Food Safety Net Services (FSNS) understands the importance of agricultural education and recognizes that students will be the future leaders of the world. With the growing population, the agriculture industry needs motivated and passionate students to lead the next generation. Since 1994, FSNS has supported the National FFA and local associations and chapters.
FSNS strives to connect and assist students with their FFA projects. FSNS wants the students they work with to pursue their aspirations while gaining career and leadership skills through hands-on experience in the laboratory. Networking with the students not only helps spread knowledge of food safety but also builds awareness and a true understanding of what FSNS does.
Daniella Burleson, a former FFA member who FSNS worked with on her project learned the importance of food safety during her time in the lab. “I had no idea that there was so much science and work behind the products on grocery store shelves. It gave me an appreciation for our farmers, our ranchers, our food processors, our scientists, and every other hand involved in getting food from the ground to our shelves,” said Burleson. Burleson’s project researched how food processors reduce milk fat content from raw milk to skim, 1%, 2%, and whole milk. Her project, Got Milk: A Study Testing the Sonification of Fat Globules in Dairy Emulsions, won first place in the food processing category at state and second overall for food processing at nationals. She also won Grand Champion at the Houston Livestock Show and received over $4,000 in scholarships.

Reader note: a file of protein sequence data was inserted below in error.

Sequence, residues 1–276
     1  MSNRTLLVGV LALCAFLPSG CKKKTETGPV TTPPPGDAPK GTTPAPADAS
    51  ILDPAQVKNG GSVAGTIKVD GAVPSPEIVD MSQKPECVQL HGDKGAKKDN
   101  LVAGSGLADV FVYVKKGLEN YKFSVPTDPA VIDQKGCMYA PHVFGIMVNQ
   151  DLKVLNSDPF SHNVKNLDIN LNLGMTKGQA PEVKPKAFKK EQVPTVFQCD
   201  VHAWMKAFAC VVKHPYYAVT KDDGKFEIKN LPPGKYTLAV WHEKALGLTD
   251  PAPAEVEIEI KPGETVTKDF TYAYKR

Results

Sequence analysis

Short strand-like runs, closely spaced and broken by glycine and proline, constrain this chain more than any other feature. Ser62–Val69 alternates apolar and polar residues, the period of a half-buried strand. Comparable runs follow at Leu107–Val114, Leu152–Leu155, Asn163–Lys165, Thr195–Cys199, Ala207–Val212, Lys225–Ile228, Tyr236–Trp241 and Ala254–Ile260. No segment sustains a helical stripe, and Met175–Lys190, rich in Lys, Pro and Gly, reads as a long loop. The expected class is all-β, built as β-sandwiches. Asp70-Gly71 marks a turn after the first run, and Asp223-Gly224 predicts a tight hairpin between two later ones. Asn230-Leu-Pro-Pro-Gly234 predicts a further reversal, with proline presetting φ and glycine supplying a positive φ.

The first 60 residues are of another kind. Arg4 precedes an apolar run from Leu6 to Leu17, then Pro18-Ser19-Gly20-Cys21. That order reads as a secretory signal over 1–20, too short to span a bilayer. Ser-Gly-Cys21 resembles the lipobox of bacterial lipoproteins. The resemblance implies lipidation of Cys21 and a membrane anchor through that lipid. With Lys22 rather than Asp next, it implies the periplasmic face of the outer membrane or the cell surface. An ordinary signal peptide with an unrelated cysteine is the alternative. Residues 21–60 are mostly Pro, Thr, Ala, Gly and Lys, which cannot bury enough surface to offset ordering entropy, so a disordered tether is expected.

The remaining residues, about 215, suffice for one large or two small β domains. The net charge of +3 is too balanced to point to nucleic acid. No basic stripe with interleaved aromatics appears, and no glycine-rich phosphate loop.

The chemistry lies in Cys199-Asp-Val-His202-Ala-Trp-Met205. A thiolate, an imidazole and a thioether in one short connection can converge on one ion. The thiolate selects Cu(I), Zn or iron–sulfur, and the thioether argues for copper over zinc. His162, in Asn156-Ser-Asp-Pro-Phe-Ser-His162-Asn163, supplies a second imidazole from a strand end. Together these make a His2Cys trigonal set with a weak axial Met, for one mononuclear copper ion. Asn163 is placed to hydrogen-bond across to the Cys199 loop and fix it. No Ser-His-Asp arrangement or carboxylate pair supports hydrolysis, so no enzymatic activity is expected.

Coby Wellman and Hannah Taylor are the most recent FFA students that FSNS has worked with. Taylor invented a device that expands the life of fresh-cut flowers while blooming them faster and larger through aerated bacterial reduction. “Food Safety Net Services assisted my project by providing the funding and the help for bacteria, fungus and mold tests so that I could properly evaluate the effect of my invention. Through this, I could determine the types of pathogens that my invention is reducing,” said Taylor. Taylor’s device is currently in the process of being patented. Wellman’s project compared Sonication Bath and Ultraviolet Light on the Reduction of Escherichia coli. “In my research, I discovered many different machines that are suitable methods for decontamination of bacteria in agriculture and I wanted to find out which machinery would be the most effective,” said Wellman. Wellman plans to continue his research and pursue a career in food science.
FSNS’ goal is to help build the next generation of agriculturalists and scientists by supporting the goals of students through education and research. FSNS believes that FFA and similar programs are crucial to bringing students into the agriculture and food industries. Students will be integral to the success of these industries in years to come. FSNS hopes the ongoing support will continue to attract new talent and spread the importance of food safety.
For more information visit www.fsns.com.
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